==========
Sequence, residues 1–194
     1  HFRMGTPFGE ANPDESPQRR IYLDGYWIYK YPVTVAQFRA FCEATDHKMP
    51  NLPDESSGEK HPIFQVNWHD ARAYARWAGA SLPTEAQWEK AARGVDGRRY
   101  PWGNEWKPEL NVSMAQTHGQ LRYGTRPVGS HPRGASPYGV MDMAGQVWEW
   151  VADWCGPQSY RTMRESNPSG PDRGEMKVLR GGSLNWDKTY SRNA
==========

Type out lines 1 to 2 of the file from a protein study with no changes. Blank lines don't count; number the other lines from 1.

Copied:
Sequence, residues 1–194
     1  HFRMGTPFGE ANPDESPQRR IYLDGYWIYK YPVTVAQFRA FCEATDHKMP